Gnosticism embodies a complex of related sects and religious writings that together constituted a major movement in the early centuries of the Christian era. Although the thoughtway of Gnosticism was not exclusively Christian, Gnostic Christianity was a significant competitor with what became the Christian mainstream. The numerous beings with which Gnosticism populated the cosmos and the higher spiritual realms influenced later conceptualizations of angels and demons.
Gnosticism propagated the idea that this world is the product of an evil deity—the Demiurge—who traps human spirits in the prison of the physical world. Our true home is the pleroma, the absolute spirit, to which we should seek to return by rejecting this material world and abstaining from the pleasures of the flesh. Unlike Christianity, in which one is saved by faith, in this school of thought one was saved by proper intellectual insight, or gnosis, which is secret knowledge imparted to Gnostics. Gnosticism in the original sense died out before the Middle Ages, but the term continued to be used to refer to any departure from orthodoxy the Church judged to be too world-denying or that seemed to stress mental insight over faith as the essential mode of salvation.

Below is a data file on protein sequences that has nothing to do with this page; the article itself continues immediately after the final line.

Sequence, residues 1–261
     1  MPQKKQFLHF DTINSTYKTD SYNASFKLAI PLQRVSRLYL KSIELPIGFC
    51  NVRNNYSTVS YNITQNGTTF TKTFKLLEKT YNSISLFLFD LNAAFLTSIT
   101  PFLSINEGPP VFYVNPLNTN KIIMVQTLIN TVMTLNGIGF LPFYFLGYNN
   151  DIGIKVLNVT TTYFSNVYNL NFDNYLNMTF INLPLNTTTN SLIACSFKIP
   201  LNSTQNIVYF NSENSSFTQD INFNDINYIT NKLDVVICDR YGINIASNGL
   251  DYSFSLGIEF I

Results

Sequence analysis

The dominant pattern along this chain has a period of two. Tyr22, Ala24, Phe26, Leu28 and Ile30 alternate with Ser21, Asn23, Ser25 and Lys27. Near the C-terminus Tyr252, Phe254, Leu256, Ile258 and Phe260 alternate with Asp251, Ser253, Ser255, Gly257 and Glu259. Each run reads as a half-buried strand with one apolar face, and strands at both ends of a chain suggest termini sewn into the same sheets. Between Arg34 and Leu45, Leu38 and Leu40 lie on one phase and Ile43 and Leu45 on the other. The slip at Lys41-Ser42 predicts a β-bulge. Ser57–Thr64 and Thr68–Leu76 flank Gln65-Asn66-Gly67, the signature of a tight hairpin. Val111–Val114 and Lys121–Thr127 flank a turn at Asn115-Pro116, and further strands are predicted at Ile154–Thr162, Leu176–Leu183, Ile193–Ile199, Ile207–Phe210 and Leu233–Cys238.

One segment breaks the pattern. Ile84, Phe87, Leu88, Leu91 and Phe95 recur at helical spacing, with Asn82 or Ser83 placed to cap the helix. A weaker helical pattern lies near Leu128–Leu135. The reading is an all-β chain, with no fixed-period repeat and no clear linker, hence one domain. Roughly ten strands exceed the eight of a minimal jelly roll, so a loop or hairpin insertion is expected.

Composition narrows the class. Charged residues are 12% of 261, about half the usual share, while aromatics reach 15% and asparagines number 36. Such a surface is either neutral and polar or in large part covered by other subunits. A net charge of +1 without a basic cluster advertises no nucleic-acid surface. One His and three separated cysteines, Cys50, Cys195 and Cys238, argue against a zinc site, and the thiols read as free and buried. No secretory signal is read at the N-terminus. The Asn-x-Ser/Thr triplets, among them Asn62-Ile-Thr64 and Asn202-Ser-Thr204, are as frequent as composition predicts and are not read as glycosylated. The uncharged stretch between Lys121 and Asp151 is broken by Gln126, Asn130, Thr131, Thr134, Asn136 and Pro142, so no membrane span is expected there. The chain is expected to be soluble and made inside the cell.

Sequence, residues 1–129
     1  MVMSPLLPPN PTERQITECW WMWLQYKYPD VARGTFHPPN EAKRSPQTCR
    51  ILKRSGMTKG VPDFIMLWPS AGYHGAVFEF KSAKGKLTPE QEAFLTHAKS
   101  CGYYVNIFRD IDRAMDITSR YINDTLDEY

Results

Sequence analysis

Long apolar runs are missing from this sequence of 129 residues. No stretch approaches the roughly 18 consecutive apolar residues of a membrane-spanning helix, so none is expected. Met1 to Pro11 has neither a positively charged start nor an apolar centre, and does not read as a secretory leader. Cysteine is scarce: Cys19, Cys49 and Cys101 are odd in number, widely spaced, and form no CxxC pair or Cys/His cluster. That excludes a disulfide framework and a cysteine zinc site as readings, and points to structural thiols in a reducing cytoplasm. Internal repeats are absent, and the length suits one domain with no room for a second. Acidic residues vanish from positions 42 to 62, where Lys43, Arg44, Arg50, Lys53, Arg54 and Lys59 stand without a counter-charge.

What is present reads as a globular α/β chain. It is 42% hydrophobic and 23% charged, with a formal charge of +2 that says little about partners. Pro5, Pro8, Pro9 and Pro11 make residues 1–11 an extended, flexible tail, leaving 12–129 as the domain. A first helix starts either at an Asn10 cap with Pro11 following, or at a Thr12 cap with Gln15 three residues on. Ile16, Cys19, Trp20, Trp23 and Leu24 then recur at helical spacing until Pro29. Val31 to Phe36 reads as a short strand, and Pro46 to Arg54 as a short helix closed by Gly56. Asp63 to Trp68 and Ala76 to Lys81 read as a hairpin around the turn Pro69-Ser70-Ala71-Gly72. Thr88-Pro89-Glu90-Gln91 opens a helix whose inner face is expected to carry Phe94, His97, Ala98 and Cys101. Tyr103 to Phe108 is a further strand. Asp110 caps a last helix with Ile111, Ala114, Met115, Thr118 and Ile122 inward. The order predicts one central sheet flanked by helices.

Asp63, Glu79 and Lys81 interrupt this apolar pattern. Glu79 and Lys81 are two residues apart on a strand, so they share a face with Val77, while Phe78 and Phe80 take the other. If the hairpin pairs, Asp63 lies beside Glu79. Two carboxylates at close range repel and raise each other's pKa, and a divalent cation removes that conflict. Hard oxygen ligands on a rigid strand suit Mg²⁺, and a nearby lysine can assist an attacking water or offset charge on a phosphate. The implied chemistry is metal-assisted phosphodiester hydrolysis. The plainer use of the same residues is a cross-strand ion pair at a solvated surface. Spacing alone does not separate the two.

Two distinct types of entities are associated with Gnosticism:
aeons and archons.
The aeons are the higher spiritual beings who reside in the pleroma. In one common schema—discussed by the anti-
Gnostic Church writer Irenaeus—there were thirty aeons, arranged in fifteen pairs, from Depth and Silence to Theletos (Desire) and Sophia (Wisdom). Sophia, the lowest aeon, desired to know Depth (in some accounts, she desired to know herself). Her unfulfilled desire caused her to give birth to another entity—often called Yaldabaoth—who created our material world. This creation involved the emanation of the seven levels of the classical cosmos.
The archons are the rulers who govern each of these levels and act as guardians preventing the sparks of light (i.e., the divine essence of individual human beings) from returning to the pleroma. Part of the knowledge imparted to the Gnostics is information on how to bypass these archons.
- Layton, Bentley. The Gnostic Scriptures. Garden City, N.Y.: Doubleday, 1987.
- Robinson, James M., ed. The Nag Hammadi Library. 1977. Reprint. New York:Harper & Row, 1981.
- Turner, Alice K. The History of Hell. New York: Harcourt Brace, 1993.